Joanne Smikle: I had to start developing my own because I didn’t find a lot of good models out there. Climate studies and culture audits get at very similar things; they ask employees at all levels about their experience of working at their employer, and ask them to describe and define the climate in terms of promotion opportunities, in terms of acceptance of who I am, in terms of respect for who I am. People are asked to give examples of what [constitutes] respect for them. The culture audit asks them to define the culture of the organization in their own words—to explain the subtle nuances of the culture, and the elements of the culture that are sources of pride and those that are sources of embarrassment or discomfort for them.

I do them both as qualitative and quantitative measures: surveys first and then focus groups.

LeadingAge: How do recruitment and retention need to change?

Joanne Smikle: I ask clients, where do you go to recruit talent? Do you go to historically black colleges, to an Asian business consortium, to LGBT organizations? Are you giving recruiting firms specific instructions about where they should be going to look for talent?

Also, are you being thoughtful about staffing? What about hiring some aged people? Do all positions have to be 40 hour weeks? If not, you might be able to draw some interesting retirees who have things to contribute.

In short, look [for talent] more broadly than you typically do, and think about building networks in places you’ve never built them before.

Here’s one example: I serve on the board on an organization working to end homelessness in our county. We were a group of congregations that got together and bought houses for transitional housing. For many years we stayed in the Christian congregation. About 7 years ago we invited a Jewish synagogue to participate, and now we have about 4 of them involved. So this year someone asked, what are we doing to reach out to [a nearby] mosque? We realized, yes, we need to reach out; they are our neighbors and are as concerned about homeless neighbors as we are.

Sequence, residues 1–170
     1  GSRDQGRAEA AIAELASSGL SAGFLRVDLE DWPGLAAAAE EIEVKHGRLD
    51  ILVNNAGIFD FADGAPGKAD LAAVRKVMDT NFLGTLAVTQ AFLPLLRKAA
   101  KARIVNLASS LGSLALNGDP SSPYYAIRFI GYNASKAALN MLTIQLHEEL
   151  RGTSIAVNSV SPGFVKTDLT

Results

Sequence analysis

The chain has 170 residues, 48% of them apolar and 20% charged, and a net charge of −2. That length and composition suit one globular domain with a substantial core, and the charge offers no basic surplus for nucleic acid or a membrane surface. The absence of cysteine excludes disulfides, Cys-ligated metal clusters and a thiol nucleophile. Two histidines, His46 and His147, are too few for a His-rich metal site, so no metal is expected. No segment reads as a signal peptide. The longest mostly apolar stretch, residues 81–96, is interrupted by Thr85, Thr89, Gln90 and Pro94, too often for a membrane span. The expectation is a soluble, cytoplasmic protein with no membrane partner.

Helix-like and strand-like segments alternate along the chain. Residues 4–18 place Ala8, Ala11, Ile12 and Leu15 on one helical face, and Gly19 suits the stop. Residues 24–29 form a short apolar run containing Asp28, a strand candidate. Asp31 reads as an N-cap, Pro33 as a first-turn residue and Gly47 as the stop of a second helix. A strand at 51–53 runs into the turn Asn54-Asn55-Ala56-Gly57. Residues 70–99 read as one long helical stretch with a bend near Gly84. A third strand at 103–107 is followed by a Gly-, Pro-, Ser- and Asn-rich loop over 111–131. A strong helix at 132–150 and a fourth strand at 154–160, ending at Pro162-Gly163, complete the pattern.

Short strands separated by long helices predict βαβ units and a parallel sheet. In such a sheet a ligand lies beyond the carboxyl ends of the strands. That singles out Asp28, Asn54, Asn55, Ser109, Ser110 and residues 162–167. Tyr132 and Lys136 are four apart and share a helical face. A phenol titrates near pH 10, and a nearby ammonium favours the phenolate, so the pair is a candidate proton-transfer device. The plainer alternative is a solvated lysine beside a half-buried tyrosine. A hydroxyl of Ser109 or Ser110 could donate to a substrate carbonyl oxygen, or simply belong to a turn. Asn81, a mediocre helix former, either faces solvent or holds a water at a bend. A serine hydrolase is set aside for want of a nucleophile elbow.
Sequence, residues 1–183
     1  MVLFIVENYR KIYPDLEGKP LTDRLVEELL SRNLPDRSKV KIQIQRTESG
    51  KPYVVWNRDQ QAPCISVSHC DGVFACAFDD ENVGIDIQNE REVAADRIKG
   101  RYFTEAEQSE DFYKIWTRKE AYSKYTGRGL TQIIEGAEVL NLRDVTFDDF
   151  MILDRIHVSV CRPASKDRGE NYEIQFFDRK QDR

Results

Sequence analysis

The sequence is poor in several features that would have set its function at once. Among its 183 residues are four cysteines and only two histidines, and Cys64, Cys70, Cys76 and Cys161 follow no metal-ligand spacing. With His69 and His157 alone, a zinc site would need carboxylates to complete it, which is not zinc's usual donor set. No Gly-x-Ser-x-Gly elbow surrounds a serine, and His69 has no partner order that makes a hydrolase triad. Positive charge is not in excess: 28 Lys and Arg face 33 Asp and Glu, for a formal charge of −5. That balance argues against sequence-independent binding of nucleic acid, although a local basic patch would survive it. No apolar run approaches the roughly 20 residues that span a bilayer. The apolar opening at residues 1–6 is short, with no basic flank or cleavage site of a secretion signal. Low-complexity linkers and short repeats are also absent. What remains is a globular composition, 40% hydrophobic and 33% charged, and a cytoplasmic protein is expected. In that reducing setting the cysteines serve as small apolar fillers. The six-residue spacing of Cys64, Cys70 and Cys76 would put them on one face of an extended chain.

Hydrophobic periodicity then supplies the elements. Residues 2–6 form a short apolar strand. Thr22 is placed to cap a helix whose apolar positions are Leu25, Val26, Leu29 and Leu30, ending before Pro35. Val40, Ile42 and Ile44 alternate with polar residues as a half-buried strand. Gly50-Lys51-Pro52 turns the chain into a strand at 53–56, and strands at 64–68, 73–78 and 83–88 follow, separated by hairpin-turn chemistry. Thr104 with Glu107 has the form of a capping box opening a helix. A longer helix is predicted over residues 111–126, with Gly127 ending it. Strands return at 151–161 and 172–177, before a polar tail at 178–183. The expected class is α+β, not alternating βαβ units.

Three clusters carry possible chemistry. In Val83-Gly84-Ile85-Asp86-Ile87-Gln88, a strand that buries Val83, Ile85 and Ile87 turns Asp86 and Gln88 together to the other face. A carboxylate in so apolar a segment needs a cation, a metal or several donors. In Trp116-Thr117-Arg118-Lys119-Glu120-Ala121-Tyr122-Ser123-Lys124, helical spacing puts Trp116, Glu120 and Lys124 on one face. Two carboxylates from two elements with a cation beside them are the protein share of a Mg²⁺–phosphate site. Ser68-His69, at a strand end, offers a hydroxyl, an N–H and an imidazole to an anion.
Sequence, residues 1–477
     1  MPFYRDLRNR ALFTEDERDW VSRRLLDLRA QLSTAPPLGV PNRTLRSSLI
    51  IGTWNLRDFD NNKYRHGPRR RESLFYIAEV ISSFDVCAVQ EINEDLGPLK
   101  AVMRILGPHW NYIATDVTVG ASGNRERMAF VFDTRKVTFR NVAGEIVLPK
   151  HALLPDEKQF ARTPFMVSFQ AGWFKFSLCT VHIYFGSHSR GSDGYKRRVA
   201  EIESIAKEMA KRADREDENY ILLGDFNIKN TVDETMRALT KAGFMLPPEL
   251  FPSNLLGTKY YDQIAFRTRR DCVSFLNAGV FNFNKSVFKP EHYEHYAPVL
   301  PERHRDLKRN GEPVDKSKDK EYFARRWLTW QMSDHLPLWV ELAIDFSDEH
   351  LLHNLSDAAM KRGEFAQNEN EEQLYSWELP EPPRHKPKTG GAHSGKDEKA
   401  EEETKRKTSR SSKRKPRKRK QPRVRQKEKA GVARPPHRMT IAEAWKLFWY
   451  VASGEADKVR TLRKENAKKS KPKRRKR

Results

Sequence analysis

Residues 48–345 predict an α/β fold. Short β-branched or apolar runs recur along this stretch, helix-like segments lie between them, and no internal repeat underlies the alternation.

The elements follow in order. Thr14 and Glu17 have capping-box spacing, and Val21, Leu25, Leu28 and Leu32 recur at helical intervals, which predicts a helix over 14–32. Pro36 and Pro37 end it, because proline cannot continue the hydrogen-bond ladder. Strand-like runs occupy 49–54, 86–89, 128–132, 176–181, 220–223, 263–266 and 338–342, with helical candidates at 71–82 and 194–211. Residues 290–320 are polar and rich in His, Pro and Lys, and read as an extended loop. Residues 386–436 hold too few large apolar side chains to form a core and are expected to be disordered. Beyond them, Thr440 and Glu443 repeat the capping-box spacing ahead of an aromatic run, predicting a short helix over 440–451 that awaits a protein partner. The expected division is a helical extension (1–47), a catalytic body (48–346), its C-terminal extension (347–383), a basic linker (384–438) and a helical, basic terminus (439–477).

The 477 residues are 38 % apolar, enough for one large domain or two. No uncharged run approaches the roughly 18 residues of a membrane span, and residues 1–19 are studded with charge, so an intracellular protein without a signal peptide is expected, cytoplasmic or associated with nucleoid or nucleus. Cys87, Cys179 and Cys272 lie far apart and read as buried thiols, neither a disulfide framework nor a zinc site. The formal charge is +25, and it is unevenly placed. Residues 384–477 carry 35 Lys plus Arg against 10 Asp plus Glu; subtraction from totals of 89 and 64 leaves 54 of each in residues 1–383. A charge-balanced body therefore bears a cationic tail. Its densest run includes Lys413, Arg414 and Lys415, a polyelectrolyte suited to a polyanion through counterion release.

LeadingAge: How can providers improve hiring and promotion practices to be more inclusive?

Joanne Smikle: A lot of times we say these practices are unbiased—all performance-related, and I think that’s not true. So much is about relationships and about comfort. There was an interesting series in the Harvard Business Review in 2016 about why we can’t get diversity right. In promotions and even hiring decisions we make concessions for people who are like us and make us feel comfortable, in any number of ways. It’s not really as unbiased as we tell ourselves.

What happens in interviews—and I’ve witnessed this myself and I’m sorry to say I have even done it myself—is we start diverting our own attention to our comfort (or discomfort) with the person and may ask a series of questions that might, in effect, boil down to an unfair advantage because you’re accepting them on a different set of criteria. We want to interview in a way that allows us to measure and compare apples to apples. Everyone has to get the same questions, and in the same order, and we have to pay attention to the actual responses.

I think language is a huge piece of the puzzle with diversity. I object to using the term “minority” because I grew up in a house where my parents made it clear that you have to understand word origins, and the first 5 letters of minority are m-i-n-o-r. Somewhere in there, you expect minor status in this larger society that already marginalizes people of color.

There are assumptions revealed in interviews. I was talking with a woman applying for a doctoral program who told me about another interview where the interviewer said to her, “Oh, your family must be so proud! I’m sure you’re the first person going this far.” This woman’s mother has a PhD.

Gene Mitchell is editor of LeadingAge magazine.